Friday, June 18, 2010

Charges Rule!

While gravity is the universal glue that holds together the stars, prevents us from flying off the surface of the Earth, and is the stuff that makes space-time itself; from the perspective of our everyday lives, electromagnetism is the most fundamental force that profoundly affects us. At the heart of everything we are and do are the interactions of electromagnetic fields and charges. Indeed, matter is merely a bag of charges that are held together predominantly by electric fields.

Connoisseurs of the strong force may argue that theirs is the most important since it binds together the neutrons and protons that form the tiny nuclei at the center of every atom; but, alas, the swarm of electrons that buzz around the nuclei shield them from view. We can be thankful that nuclei exist as anchors to the frenetic electrons, but, physicists would agree that our personal interactions with the universe are governed by the affects of electromagnetic fields on electrons.

When our eyes see, its because light - made of wiggling electric and magnetic fields - causes charges to slosh around in our optic nerves, eventually leading to an electrical signal that finds its way to our brains. Similarly, charges communicate with each other by shouting not words, but bursts of light. It's the coordinated symphony of these light bursts that choreograph the dancing collection of charges.

The group of cells that constitute a brain interact with each other through electrical signals. But the animal body is also the host to many chemical reactions and thermodynamic processes. One might therefore defend chemistry as the true seat of life, with charges as essential albeit second-class citizens. But what is chemistry? You've guessed it! Chemistry is no more than interactions between charges.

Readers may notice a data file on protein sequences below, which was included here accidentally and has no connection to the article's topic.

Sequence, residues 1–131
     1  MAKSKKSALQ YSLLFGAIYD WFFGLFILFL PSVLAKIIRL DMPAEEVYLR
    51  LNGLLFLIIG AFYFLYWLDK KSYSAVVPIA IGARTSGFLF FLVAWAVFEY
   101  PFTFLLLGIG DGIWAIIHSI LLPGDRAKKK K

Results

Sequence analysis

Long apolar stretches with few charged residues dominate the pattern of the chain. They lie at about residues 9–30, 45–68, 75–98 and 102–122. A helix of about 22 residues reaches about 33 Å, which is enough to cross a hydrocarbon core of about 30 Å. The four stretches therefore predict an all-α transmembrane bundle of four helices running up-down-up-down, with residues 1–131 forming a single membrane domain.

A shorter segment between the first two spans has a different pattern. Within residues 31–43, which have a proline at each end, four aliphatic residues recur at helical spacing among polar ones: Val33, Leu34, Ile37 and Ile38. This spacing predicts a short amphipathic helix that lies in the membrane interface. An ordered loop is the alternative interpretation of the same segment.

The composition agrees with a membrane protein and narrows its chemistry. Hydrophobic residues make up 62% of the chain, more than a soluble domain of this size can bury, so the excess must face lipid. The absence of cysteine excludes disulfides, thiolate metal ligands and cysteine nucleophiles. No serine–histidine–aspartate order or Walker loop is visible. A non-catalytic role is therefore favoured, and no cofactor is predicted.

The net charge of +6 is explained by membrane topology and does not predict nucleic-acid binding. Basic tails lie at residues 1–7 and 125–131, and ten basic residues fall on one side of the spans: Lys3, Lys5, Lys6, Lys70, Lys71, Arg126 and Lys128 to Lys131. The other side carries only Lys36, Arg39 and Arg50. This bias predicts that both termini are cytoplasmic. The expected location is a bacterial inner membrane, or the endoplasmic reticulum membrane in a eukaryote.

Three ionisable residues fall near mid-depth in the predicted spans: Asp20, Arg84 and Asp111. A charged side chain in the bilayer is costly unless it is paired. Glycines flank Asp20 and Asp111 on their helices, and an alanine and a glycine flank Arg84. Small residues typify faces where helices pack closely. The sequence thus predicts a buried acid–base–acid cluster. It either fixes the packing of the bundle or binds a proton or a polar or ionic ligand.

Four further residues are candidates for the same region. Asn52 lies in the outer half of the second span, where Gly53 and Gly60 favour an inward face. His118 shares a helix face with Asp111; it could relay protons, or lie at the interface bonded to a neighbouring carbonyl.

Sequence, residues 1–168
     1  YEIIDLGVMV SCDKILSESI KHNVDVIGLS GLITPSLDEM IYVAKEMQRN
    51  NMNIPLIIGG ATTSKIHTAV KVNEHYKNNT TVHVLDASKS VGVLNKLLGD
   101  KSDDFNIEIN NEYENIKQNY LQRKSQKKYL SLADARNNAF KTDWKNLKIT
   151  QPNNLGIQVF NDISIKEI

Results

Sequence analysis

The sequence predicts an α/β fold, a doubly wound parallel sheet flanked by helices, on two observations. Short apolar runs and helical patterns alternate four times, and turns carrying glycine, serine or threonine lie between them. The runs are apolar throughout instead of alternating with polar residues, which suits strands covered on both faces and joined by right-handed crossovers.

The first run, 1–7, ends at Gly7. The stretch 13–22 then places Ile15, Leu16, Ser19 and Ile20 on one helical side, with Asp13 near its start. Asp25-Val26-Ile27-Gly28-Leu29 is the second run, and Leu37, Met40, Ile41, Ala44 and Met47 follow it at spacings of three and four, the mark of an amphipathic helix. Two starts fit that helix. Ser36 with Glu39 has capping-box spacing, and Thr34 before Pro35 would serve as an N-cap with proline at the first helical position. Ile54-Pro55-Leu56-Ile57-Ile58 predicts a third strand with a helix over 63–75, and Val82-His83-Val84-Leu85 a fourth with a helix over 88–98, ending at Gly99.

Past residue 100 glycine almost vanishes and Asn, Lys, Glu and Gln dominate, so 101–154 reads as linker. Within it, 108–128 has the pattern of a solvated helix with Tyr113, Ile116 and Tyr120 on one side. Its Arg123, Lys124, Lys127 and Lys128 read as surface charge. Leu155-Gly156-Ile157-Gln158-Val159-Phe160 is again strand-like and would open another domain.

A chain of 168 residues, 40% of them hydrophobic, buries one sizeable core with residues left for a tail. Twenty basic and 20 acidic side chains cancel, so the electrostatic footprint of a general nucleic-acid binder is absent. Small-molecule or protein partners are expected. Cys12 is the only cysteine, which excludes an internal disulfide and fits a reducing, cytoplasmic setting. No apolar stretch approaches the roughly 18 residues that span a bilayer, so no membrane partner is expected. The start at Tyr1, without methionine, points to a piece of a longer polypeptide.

Quantum Mechanics, as quantified by the Schrodinger Equation, imposes the rule of law that must be obeyed by all particles such as electrons and atoms (as long as they are not moving at nearly the speed of light). The social gathering of atoms form communities called molecules. While there is much shouting and motion within the community - all of which obey the grammar of quantum mechanics, the molecule speaks with one voice. All of these complex interactions within the group leads to an entity that behaves in a well defined way due to the very simple rule that like charges repel and opposite charges attract, and, that the strength of this force gets larger as the charges get closer together. This relationship is called Coulomb's Law. All of chemistry can be explained by applying the crank of the Schrodinger Equation to the tune of Coulomb's Law.

By understanding the social rules of the electrons and nuclei, the complex behavior of the molecular community can be predicted. The rules are communicated through a mathematical language via the Schrodinger Equation. Being a differential equation, it can only be solved exactly for the simplest cases. One of the triumph's of early twentieth-century Physics, a time of explosive discovery the likes of which has yet to be repeated, was the precise prediction of the colors and intensities of light emitted by the scream of an electron in a hydrogen atom when it de-excites after being jarred by a pulse of light or an electric shock.

To go beyond this simplest class of atoms, made of one electron and one nucleus, requires that the Schrodinger Equation be solved using approximation techniques or high-speed computers. Such approaches lead to accurate predictions of more complex systems and helps us to understand the concept of chemical bonds, which connect atoms. Indeed, the order observed in the periodic table of elements, as first arranged by the Russian chemist Dmitry Ivanovich Mendeleyev in the mid to late 1800s, can be understood by the simple concept of interactions between the social charges.

As the complexity of a molecule increases, it becomes more difficult to predict its properties using Quantum Mechanics. It's not that Quantum Mechanics is in any way breaking down, but rather that computer memories are too small and microprocessors too slow to get an accurate answer in a reasonable amount of time.

We get around these issues by extrapolating what we understand for smaller systems. For example, chemists make stick figures of larger molecules by using qualitative rules for making bonds between atoms. This approach allows them to approximately predict the properties of more complicated materials. To put this in the language of Physics, chemistry is a compilation of the myriad number of ways that charges interact with each other. While such empirically-determined rules are not hard and fast (there are always exceptions), this approach has been extremely profitable in designing and synthesizing new molecules, through a process of trial and error, that are useful for a given application.